Guest review by Jose Mallabo

Anthony at RevZilla called the Sena 20S Bluetooth headset a ‘juggernaut’ and “the gold standard” in his review of the product. That’s enough for any rider serious about an in-helmet headset to look a little deeper as I did. Since buying and installing it in my Shoei RF1000 brain bucket, I’ve ridden just over 2,000 miles with the 20S through the heat and driving rain of spring in the deep south. That included back roads, city traffic and highways.

I can now confirm that the Sena 20S is, in fact, a juggernaut and is easily one of my favorite consumer electronic devices of all time.

As a technovore, I reserve that classification for very few devices but the Sena 20S deserves that rating because it flat out does what it promises to do at a very high level – all within a form factor that feels like it would survive any road conditions you could encounter outside the Road of Bones.


There are two parts to installing the 20S – getting the firmware updated and installing the headset and microphone into your helmet. Once that’s done there’s little else left other than ride, listen and talk.

While the device will sync up with your phone or GPS pretty much straight out of the box, you do need to update the firmware on the 20S to make sure the voice commands work. Unfortunately, this first step is the one that nearly made me re-box it and send it back. The set up requires plugging the device into your computer via USB. For whatever reason, my device wasn’t being recognized during this update – so I switched back and forth from my Mac and Windows computers. After more than an hour of futzing with this, the firmware was updated – though there wasn’t any real affirmation saying it was completed.

(Note: During this process, I contacted Sena technical support via email figuring something was wrong and expecting I’d get a response in a day or two. It took Sena seven days to respond, and their excuse was that they were busy fielding other calls and emails. For nearly $300, that’s not acceptable. Assume Sena technical support doesn’t exist and that you’re on your own because a week may as well be never.)

sena on a SHoeiMy Shoei RF1000 helmet has fairly shallow ear wells so finding the right spot to place the speakers took a bit of time. But lining up the boom microphone into my helmet and the speaker wires through the headliner was a breeze. If you own a helmet with deeper ear wells, like a Nolan or Schuberth (that were designed to host headsets), this process would likely go more quickly. Alternatively, the 20S allows you to run your ear buds directly into the device, which would also let you avoid all this speaker placement work.


  • Fit and finish are excellent
  • Bluetooth connectivity to phone is seamless
  • Jog dial is bullet proof and easy to handle
  • App makes it easy to configure the headset
  • Telephone call quality is excellent
  • Extremely water resistant
  • Device inputs are intuitive
  • Audio quality for radio and stereo is very good
  • Lots of options on mics and headset configurations
  • Function to allow you to listen to conversations through your headset is genius (no need to rip your helmet off to ask a gas station worker where the best diner is nearby)


  • Firmware updating isn’t as turnkey as they say it is
  • Wind buffeting drowns out audio (can be said about any headset)
  • At $250+ the Sena 20S is about the price of a new helmet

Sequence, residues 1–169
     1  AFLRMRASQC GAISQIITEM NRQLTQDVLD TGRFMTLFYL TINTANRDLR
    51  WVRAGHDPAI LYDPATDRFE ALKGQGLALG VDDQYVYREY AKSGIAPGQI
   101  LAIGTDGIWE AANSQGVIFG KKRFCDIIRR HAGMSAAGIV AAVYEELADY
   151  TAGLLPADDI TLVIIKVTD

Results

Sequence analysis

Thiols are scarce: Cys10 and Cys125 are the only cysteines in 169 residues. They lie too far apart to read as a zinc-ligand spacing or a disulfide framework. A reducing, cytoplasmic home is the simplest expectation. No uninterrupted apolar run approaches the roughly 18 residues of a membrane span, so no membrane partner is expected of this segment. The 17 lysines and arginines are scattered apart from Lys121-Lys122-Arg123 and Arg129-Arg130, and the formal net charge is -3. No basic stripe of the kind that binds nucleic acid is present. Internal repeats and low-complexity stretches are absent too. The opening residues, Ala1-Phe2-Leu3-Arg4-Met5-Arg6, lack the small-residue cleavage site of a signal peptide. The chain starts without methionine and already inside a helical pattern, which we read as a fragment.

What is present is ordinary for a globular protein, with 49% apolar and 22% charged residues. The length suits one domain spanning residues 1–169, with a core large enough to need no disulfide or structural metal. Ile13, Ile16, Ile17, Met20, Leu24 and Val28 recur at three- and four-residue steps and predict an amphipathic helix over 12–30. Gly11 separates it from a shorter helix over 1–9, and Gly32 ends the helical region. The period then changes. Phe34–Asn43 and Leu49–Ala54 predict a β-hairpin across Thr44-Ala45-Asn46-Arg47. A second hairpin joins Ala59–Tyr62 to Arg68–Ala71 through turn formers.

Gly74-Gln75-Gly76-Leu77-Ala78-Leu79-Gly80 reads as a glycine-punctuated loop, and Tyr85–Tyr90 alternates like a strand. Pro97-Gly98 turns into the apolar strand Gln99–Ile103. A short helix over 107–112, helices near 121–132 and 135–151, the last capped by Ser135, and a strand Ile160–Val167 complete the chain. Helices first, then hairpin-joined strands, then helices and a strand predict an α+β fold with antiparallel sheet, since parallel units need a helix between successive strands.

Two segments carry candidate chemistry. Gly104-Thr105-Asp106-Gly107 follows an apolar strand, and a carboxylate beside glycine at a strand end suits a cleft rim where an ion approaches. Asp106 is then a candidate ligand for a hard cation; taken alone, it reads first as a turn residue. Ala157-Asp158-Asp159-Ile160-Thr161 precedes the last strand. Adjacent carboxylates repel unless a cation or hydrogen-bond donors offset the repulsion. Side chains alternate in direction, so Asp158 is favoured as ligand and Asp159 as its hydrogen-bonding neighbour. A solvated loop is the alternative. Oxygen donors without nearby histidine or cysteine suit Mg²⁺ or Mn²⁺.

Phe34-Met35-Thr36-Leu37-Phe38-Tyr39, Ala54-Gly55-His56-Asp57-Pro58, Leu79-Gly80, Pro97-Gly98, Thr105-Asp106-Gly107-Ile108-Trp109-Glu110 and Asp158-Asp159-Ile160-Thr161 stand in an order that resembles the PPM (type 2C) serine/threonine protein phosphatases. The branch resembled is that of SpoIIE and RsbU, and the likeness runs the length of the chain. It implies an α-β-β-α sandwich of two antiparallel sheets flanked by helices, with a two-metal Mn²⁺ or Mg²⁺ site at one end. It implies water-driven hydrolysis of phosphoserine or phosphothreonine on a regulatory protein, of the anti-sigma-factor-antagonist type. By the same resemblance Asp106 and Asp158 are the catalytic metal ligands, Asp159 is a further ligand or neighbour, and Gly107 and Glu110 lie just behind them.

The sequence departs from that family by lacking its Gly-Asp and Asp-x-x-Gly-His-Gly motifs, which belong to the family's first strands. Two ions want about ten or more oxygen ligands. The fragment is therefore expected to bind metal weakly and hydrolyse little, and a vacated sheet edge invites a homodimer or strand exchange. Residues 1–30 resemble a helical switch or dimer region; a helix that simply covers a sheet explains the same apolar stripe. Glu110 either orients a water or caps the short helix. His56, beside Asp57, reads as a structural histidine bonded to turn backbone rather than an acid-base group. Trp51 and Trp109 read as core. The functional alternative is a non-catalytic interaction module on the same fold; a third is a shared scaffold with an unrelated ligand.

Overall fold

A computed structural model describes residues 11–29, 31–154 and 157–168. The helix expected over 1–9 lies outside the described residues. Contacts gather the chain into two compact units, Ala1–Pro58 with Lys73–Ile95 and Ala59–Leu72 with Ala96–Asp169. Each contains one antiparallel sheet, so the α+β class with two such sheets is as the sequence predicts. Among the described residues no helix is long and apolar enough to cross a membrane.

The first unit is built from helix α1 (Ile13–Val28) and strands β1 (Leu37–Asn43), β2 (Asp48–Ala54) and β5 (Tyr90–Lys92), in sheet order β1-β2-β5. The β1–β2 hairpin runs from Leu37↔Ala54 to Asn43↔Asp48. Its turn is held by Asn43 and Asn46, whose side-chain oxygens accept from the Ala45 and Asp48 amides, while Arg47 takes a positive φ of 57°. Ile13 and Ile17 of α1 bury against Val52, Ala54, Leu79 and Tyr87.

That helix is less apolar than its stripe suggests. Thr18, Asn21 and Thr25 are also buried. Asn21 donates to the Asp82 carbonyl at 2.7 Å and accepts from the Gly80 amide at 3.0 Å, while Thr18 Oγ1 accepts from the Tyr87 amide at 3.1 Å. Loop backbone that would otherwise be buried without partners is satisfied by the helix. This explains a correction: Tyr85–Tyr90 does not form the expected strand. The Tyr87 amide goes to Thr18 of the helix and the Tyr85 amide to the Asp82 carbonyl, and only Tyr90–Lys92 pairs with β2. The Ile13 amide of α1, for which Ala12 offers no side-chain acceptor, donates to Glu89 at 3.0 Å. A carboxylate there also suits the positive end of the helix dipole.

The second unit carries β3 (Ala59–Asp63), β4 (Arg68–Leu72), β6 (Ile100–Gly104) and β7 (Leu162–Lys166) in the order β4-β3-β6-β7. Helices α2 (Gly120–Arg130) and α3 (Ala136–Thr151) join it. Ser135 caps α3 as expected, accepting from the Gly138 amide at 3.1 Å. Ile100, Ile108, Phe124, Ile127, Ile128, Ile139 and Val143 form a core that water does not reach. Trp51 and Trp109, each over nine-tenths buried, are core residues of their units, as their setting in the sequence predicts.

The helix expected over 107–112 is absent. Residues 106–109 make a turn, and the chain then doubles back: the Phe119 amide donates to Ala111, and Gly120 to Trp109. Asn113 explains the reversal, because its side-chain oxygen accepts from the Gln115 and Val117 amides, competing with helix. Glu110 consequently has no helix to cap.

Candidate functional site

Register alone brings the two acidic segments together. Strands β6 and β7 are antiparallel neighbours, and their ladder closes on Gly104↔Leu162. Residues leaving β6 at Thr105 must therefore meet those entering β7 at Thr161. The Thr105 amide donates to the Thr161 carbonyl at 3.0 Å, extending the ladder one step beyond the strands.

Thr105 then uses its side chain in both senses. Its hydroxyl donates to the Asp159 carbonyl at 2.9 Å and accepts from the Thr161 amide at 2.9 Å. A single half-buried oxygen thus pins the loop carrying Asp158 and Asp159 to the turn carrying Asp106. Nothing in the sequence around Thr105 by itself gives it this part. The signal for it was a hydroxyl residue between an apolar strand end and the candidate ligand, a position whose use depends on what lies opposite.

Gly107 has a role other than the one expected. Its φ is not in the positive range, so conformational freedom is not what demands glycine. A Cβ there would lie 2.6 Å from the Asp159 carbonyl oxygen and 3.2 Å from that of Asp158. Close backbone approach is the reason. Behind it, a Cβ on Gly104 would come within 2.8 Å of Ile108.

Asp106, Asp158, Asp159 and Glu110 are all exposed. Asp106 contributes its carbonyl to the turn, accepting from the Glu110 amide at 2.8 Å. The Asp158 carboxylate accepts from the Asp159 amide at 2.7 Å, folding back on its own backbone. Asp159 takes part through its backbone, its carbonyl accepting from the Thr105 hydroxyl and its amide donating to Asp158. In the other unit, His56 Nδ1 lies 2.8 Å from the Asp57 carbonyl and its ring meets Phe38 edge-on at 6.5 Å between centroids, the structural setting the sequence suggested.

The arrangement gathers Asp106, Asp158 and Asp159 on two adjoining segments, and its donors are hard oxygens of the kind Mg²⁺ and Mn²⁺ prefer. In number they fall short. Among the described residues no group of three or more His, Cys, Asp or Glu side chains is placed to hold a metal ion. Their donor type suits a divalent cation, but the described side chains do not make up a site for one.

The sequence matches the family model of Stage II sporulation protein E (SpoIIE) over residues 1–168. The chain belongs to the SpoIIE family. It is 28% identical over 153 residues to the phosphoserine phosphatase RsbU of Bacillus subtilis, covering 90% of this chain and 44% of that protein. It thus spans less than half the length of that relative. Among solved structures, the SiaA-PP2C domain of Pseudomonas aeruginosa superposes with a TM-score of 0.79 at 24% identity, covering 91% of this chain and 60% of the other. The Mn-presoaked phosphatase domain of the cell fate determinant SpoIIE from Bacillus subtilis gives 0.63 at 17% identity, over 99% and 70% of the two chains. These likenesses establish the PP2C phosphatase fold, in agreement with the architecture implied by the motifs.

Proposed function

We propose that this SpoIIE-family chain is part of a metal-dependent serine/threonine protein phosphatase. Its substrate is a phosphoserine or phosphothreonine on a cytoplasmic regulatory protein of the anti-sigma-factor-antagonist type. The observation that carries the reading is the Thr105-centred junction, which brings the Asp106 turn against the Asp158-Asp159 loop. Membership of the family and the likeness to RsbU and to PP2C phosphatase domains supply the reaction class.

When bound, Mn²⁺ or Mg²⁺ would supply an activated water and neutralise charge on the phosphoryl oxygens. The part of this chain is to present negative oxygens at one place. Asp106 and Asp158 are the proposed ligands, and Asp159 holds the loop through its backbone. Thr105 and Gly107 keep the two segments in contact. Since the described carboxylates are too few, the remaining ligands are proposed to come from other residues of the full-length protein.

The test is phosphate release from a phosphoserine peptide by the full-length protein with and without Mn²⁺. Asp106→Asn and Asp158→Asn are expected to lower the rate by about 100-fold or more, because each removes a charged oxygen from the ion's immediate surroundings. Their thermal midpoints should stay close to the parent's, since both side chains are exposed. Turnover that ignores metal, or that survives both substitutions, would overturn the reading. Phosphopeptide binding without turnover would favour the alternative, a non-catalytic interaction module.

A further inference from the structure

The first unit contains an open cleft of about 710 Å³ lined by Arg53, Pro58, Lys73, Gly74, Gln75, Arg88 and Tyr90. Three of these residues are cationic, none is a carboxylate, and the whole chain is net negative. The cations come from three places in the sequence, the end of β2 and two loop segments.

• Sena customer services sucks
  • Voice commands still has some hiccups

Bikes and Equipment used

  • 2011 BMW R1200R with a mid-sized wind screen
  • 2011 Aprilia Tuono 1000
  • Shoei RF 1000
  • iPhone 4s
  • MotionX GPS app

I purchased the 20S for three primary reasons:

  • To be able to wirelessly listen to the audio instructions of my GPS on my iPhone (wires and ear buds create pressure points and drive me crazy when I ride)
  • To be able to listen to the radio or my iTunes during those long patches of highway when I tend to get bored and sleepy
  • To be able to take phone calls if necessary while riding

The device does all of these extremely well with the only negative being the impact wind buffeting has on audio quality. Every person I’ve spoken with on my iPhone 4S (yes, I’m upgrading that soon) while riding with the 20S (at any speed) has said they can’t tell I’m on a motorcycle at all. That’s pretty amazing.

But on my end, it got very difficult to hear callers or music at speeds greater than 50 mph on my BMW. That’s likely a criticism that can be made of any audio device, but it just points to fact that this and any other headset on the market performs the best behind a big windscreen or at lower speeds.

On my fully naked Aprilia Tuono 1000R, sound quality at speeds north of 35 mph made it nearly impossible to have a normal conversation with someone using the 20S. And, music was really washed out – short of going into a deep tuck position.

After the first 1,000 miles of playing around with the 20S, I decided that I was OK with the wind buffeting impacting the sound quality on radio and GPS commands. I could still enjoy the music and fully understand the GPS voice commands at any speed. So, I decided to put my foam earplugs back in while using the 20S and found it both comfortable and functional for all the reasons I bought the device. The earplugs cut out the wind noise that comes from riding naked bikes, but I could still hear everything that the 20S was pumping into my helmet. I figured if I wanted to feel like I was sitting in the front row of an AC/DC concert, I’d get off the bike and go to the concert.

I don’t ride in groups much, so I haven’t been able to test the intercom, but if that function works as well as the other functions the 20S is well worth the $250 price tag. Motorcycle accessory aside, the Sena 20S is now right behind my MacBook Air as my overall second favorite consumer electronics device in my possession.